IV. Two World Collide
Spooked by the disasters befalling the biospherians, their funder, Ed Bass, called in a man whom he believed would manage the project with a steadier hand: Steve Bannon, then an investment banker and now chief White House strategist and adviser to the President. Bannon immediately began generating proposals to monetize the biosphere, including plans to open "Biosphere 3," a casino operated jointly with the Luxor in Las Vegas. Perhaps unsurprisingly, Biosphere 2 remained in the red.
Under Bannon's direction, the second and final mission began. But tensions between the old management (Allen, Augustine, and the original crew of biospherians) on one hand, and the money -- Bass and Bannon -- on the other, soon reached a boiling point. On April 1, 1994, Bass and Bannon sent US Marshals to Biosphere 2 with a restraining order, removing the original management from the project. The seven biospherians of mission two, on hearing the news, thought it was an April Fools' joke. They were given the option to leave the project, but decided not to open the airlock.
Two of the original crew -- Alling and Van Thillo -- snuck back onto the property under cover of night and, according to Reider, "smashed small glass safety panels to neutralize the Biosphere's air pressure, then threw open the airlock doors. They quickly left, then telephoned the biospherians, telling the crew that they now had the freedom to leave...however, the biospherians poked their heads out, closed the doors, and chose to go on with their mission...to Gaie [Alling] and Laser [Van Thillo], seeing bankers take over Biosphere 2 was like watching their world come under foreign occupation by an enemy." Alling and Van Thillo were arrested three days later, but were never charged.
Allen, the poet, playwright, and dreamer who conceived of the biosphere, was included in Bass's restraining order and exiled from his promised land. He had mismanaged the project, but there is little to suggest that Bannon did any better. Allen had brought Biosphere 2 into existence out of sheer will and $150 million of his former friend Ed Bass's money; the two-year mission he oversaw reached its conclusion, albeit without meeting the parameters Allen had originally set for it. Under new management, Biosphere 2 was not able to complete even the single year mission it attempted.
Where the old mission control had micromanaged the first crew of biospherians, the new residents of the biosphere found that Bannon and company could not be bothered to manage them at all. When Reider interviewed him, Bannon asked, "What was being gained by locking these people up for a year?" Six months into the second mission, the atmospheric concentration of \(N_2O\) -- laughing gas -- in the biosphere exceeded safe limits, and the experiment was declared over.
As Biospheres 1 and 2 collided, the crew found themselves without a mission. But management was concerned with consolidation, not vision. Reider writes that Bannon and company "purged the staff of suspected loyalists" (an act with eerie echoes today), eventually asking a staff scientist "descended from the Cherokee medicine tradition, to ceremonially cleanse the place." Eventually they were able to persuade Columbia University to manage the facility (on which $200 million had already been spent), and Bannon washed his hands of it.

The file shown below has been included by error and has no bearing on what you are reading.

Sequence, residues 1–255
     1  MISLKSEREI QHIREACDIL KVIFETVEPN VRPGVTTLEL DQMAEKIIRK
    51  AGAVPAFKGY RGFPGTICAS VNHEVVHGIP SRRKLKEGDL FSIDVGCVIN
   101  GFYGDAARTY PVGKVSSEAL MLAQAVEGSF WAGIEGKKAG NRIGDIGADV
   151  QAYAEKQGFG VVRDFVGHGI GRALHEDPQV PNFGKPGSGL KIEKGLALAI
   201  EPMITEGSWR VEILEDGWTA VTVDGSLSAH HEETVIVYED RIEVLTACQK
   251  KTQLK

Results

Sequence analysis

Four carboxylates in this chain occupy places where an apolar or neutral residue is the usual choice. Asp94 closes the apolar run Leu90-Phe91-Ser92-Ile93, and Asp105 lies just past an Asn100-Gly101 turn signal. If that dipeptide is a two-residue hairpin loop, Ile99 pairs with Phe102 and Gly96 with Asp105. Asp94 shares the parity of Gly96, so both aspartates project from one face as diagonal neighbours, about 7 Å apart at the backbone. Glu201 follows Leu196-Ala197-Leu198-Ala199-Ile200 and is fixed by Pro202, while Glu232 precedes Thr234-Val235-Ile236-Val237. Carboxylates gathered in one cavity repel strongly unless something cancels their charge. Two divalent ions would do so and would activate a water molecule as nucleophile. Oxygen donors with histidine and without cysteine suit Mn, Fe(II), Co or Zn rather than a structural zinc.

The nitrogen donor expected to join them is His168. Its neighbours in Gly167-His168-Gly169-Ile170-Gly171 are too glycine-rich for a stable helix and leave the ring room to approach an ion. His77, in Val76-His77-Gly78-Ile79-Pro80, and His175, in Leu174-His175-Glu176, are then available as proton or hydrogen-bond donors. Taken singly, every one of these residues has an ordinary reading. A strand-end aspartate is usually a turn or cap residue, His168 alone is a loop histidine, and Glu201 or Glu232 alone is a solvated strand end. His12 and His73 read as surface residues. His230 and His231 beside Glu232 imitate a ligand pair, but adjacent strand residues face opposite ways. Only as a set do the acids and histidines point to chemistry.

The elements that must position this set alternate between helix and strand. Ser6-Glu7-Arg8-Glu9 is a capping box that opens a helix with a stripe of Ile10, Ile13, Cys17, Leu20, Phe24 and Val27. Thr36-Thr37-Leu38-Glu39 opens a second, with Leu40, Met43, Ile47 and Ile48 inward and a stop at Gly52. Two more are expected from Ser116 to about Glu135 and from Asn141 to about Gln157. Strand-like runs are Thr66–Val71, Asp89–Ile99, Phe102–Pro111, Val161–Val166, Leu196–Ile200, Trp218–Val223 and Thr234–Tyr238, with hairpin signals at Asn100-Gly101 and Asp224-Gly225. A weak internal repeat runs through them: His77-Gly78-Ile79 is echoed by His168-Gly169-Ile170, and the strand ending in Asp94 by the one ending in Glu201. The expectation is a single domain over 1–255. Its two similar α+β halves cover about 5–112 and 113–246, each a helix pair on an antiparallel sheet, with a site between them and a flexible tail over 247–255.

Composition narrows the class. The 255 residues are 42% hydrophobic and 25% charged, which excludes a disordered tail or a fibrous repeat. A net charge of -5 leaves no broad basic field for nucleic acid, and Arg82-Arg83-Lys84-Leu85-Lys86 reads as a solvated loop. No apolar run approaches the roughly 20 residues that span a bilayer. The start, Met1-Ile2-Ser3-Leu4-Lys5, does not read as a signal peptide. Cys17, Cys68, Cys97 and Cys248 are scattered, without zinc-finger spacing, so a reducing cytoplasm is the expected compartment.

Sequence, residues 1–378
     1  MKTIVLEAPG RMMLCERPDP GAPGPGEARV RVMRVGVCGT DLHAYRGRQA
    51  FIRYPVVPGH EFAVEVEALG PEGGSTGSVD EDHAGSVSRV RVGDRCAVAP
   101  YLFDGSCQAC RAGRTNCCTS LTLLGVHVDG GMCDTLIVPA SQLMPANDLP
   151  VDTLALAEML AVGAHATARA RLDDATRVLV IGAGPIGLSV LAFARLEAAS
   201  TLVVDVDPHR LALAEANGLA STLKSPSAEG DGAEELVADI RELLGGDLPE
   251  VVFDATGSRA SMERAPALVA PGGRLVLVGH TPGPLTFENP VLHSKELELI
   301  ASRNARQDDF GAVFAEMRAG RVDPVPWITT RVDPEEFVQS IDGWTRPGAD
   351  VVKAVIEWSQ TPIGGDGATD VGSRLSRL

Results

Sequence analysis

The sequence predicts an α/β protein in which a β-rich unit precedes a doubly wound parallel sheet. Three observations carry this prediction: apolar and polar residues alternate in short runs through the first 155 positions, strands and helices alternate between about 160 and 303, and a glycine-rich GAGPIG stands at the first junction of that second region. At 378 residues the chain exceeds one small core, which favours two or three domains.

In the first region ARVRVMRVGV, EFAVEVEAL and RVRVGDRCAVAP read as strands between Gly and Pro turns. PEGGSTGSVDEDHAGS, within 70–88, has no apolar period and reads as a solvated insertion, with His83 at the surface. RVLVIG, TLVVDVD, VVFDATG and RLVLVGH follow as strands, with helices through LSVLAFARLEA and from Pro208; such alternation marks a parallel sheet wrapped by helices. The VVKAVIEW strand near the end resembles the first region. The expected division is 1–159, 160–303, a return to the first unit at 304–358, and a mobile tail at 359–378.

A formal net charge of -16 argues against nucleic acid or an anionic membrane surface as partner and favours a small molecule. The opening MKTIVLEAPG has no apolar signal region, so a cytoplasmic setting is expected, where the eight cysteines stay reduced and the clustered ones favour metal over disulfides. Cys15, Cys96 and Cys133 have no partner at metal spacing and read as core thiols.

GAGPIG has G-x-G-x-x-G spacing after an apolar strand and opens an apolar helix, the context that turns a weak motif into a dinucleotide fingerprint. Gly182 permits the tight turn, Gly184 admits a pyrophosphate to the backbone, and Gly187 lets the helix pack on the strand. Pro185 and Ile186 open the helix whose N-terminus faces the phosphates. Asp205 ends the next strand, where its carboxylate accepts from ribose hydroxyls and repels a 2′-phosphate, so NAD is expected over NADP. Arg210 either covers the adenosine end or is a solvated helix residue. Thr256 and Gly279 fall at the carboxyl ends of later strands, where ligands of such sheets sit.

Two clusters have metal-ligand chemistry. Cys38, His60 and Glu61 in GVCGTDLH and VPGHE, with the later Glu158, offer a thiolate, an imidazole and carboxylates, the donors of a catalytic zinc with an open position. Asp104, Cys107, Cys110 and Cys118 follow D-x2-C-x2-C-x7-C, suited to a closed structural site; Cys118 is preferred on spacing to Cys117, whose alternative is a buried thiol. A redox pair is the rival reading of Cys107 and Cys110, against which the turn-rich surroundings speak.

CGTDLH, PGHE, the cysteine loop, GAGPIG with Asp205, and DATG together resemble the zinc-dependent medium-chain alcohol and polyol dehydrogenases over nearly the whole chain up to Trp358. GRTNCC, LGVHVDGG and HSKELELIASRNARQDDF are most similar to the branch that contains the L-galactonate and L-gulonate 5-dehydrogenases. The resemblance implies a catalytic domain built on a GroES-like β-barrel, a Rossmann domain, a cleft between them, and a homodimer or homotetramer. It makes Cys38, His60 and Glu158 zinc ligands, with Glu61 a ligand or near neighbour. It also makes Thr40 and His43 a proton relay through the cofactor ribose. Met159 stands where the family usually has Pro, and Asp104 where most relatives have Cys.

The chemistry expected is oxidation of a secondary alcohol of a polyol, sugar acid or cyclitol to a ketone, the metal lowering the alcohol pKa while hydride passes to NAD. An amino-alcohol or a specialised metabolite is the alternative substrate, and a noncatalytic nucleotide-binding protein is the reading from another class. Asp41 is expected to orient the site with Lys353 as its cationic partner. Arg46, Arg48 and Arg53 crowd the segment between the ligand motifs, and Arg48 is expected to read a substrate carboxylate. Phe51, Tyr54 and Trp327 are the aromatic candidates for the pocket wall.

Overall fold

A record of Bannon's tenure at the biosphere, immortalized via litigation, can be found in this Motherboard article. Unsurprising highlights include accusations of sexual harassment and threats of physical violence.
V. Expelled from the Garden
When I toured Biosphere 2 last week, I was struck by the extent to which the original purpose of the facility has been erased. I was able to find two short videos, playing on a loop, which discussed the original mission; one in which Jane Poynter discusses the biospherians' "high-nutrition, low-calorie diet," and the other a video of the original crew members exiting the airlock after their two-year mission. Of the two pamphlets I picked up at Biosphere 2, one devotes a single line to the 2.5 storied years the facility spent as a sealed ecosystem. The other (which contains more information, as it is aimed at hearing-impaired visitors) does spend a paragraph on the original mission, referring to its end (due to nitrous oxide poisoning) as an "administrative decision ... made to change the direction of the program."
The tour guide made almost no reference to the original mission, except for an oblique reference to the surfeit of trees in the savanna, which, he quickly commented, "were there to control the carbon dioxide levels." Indeed, he spent more time discussing the biosphere's high school summer science program than he did the facility's original purpose. When I asked about the history of the institution, he more or less refused to comment. Nonetheless, I highly recommend a visit if you are in the Tucson area.
Most of the information I gathered for this post came from Rebecca Reider's Dreaming the Biosphere, which starts slow but is overall excellent.
Many of the original group of biospherians have continued to have interesting lives. For example, Poynter has given a TED Talk in which she summarizes her time in the biosphere and discusses her new company, Paragon Space Development, which hopes to use her expertise in building closed ecosystems on the moon and mars. While the mission of the biosphere under the management of the University of Arizona seems unclear, they seem to be pivoting in a similar direction; for example, the lunar garden below is being exhibited in what used to be the biosphere's human habitat.